In March 2001, following extensive coverage in the local media that some MPD officers were exchanging e-mails on their patrol car laptops that contained racist, sexist, or homophobic slurs, former MPD Police Chief Charles Ramsey stated that the department would address biased policing issues and collect traffic stop data. MPD formed an advisory group, the Biased Policing Task Force, to guide the department’s review of these issues. The task force included representatives of several community and advocacy organizations in the city, as well as staff from the District’s police accountability agency, the Office of Police Complaints (OPC). MPD also hired a law enforcement research organization, the Police Foundation, to examine the issue of biased policing within the department.

Concerned about the possibility of biased policing in the District, OPC issued a report and set of recommendations in January 2002 urging MPD to collect and analyze traffic stop data.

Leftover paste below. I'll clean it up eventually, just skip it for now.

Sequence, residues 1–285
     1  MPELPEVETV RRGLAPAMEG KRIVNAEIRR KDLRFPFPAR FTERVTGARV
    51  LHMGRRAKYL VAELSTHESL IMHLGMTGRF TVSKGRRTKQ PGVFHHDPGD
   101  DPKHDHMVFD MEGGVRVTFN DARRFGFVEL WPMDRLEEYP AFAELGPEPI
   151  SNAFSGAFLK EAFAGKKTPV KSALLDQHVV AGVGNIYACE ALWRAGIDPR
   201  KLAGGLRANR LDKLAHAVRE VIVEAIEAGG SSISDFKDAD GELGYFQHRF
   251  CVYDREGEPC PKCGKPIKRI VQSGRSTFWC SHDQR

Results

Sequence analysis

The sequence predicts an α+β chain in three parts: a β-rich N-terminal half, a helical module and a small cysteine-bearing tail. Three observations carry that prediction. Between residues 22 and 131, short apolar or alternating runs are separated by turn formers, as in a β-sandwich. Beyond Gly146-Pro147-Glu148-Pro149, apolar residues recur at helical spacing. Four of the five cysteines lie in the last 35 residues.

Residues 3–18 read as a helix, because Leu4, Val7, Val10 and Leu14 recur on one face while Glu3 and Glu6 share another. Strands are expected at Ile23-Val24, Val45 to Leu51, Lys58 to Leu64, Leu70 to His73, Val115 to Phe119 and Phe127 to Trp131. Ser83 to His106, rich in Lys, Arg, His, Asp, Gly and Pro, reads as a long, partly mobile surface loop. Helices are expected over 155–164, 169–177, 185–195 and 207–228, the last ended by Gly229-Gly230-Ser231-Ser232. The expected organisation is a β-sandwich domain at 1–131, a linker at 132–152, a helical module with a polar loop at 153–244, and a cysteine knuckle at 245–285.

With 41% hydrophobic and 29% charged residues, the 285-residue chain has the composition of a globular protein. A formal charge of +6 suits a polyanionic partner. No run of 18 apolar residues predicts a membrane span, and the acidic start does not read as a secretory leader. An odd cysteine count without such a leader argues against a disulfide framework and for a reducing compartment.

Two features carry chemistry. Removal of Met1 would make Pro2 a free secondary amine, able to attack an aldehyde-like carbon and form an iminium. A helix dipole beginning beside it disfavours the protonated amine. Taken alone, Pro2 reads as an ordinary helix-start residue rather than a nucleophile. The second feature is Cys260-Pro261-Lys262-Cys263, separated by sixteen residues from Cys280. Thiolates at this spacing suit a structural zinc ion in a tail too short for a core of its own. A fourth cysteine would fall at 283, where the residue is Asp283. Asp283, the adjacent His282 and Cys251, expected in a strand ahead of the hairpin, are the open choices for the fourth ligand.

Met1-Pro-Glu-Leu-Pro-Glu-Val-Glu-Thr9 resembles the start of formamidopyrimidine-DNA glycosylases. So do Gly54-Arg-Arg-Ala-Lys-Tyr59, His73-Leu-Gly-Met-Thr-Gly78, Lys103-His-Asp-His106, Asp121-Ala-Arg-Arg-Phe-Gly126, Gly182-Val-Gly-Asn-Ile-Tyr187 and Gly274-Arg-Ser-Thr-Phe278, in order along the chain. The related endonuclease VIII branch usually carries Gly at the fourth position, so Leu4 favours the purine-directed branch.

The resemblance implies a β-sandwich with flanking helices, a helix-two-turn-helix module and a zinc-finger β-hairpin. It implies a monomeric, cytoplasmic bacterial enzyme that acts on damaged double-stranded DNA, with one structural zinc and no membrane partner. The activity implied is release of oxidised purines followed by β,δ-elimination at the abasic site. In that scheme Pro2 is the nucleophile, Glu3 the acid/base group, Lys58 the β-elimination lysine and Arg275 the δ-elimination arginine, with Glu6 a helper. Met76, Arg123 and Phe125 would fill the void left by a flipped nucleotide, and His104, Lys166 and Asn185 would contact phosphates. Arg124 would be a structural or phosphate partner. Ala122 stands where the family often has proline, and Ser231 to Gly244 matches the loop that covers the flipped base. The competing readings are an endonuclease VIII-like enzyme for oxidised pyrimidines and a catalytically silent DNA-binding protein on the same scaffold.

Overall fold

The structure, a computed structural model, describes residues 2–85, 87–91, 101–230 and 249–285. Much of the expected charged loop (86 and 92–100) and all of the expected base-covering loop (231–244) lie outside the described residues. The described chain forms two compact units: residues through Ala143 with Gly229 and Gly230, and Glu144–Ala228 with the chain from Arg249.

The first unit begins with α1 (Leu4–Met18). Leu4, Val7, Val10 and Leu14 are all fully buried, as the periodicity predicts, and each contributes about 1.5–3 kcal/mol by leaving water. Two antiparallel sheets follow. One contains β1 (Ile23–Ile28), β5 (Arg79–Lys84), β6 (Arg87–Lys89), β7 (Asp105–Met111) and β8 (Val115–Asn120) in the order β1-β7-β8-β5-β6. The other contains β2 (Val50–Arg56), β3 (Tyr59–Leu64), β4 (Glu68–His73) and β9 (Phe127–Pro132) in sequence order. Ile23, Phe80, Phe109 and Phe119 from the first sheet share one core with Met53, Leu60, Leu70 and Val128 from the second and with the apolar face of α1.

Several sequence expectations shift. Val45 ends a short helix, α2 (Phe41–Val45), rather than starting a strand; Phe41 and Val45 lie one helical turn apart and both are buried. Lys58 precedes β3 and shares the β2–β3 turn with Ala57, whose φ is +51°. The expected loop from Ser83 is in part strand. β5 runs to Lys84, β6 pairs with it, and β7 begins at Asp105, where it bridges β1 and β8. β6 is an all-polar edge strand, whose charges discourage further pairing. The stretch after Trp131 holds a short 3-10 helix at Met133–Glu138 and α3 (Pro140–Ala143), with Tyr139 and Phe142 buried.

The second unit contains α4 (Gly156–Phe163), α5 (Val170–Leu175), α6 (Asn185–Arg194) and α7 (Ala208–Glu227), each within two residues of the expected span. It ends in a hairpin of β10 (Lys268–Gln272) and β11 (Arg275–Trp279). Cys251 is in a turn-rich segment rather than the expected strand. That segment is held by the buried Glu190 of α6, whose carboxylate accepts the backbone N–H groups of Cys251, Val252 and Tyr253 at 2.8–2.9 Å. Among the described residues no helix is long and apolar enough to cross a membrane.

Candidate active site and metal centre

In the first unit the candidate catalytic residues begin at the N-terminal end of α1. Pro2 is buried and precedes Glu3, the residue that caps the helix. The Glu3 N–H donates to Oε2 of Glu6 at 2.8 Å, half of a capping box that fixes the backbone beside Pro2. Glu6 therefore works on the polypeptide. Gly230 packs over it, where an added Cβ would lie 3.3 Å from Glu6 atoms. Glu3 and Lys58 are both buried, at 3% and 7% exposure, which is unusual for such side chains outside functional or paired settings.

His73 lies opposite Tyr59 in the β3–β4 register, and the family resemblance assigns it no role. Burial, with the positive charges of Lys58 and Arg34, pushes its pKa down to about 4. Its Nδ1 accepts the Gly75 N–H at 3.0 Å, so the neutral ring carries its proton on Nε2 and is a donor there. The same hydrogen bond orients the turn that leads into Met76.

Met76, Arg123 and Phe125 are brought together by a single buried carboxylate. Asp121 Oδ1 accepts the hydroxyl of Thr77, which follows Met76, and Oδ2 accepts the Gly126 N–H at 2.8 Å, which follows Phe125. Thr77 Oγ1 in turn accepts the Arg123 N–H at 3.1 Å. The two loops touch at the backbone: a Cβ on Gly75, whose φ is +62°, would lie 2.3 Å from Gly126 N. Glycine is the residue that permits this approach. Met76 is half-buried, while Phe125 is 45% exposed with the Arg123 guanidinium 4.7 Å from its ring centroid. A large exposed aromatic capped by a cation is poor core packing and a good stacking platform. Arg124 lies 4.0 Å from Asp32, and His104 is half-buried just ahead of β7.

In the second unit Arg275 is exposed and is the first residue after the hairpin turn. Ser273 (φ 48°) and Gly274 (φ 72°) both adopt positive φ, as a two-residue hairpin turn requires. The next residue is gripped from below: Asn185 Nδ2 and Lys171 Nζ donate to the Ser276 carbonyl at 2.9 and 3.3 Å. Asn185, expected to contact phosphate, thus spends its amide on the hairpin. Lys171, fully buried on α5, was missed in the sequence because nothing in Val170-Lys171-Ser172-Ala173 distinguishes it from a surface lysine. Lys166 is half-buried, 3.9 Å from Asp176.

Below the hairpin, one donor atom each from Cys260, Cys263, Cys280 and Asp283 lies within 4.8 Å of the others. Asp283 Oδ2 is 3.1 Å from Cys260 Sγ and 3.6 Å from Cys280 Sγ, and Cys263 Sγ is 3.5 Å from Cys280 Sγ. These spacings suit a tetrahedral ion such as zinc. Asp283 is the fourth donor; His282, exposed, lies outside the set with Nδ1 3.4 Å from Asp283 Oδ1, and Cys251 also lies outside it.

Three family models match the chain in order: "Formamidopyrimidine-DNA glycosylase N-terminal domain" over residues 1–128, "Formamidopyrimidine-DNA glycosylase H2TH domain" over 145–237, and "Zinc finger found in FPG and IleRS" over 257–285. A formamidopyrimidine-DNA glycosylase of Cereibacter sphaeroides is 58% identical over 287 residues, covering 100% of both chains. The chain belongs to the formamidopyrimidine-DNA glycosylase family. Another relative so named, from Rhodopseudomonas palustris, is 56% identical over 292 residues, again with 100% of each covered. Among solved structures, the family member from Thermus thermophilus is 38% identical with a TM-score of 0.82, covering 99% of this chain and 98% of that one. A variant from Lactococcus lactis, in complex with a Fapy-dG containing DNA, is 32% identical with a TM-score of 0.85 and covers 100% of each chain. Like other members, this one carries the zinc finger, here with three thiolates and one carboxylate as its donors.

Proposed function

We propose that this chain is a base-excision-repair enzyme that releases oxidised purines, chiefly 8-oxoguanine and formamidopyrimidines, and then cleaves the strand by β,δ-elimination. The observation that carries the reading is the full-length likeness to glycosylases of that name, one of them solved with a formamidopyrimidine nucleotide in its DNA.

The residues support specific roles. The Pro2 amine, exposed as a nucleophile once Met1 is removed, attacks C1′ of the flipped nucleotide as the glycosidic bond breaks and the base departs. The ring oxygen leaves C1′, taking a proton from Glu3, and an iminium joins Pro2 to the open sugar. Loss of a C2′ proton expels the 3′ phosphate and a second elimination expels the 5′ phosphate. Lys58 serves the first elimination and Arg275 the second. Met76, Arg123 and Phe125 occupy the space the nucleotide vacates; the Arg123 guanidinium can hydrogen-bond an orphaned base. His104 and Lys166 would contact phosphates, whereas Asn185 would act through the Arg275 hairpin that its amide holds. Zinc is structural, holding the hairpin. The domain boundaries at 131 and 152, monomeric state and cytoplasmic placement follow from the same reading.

In September 2004, the Police Foundation released its own report. Among other findings, the report revealed that 72 percent of the African-American respondents and 68 percent of the Latino respondents believed that “police are more likely to stop non-whites for traffic violations.”

Because OPC is independent of MPD, OPC retained its own consultant to assess the MPD study. “Our consultant, Dr. Lorie Fridell, has produced a report commenting on the study,” said Philip K. Eure, OPC’s executive director. “In her report, Dr. Fridell has also put together a set of forward-looking recommendations to address the issue of biased policing in the District. We hope that MPD will collaborate with our office and other participants of the Biased Policing Task Force to build upon the contributions of MPD’s study and Dr. Fridell’s report.”

Dr. Fridell is a social scientist, university professor, and former director of research for the Police Executive Research Forum (PERF), a law enforcement research organization. She is also a nationally recognized expert on racial profiling.

A copy of Dr. Fridell’s report, which is being released today, is available on OPC’s website:

A copy of the reports issued by MPD and the Police Foundation, are also available online:

Final Report for the Metropolitan Poilce Department in the District of Columbia

The Police Foundation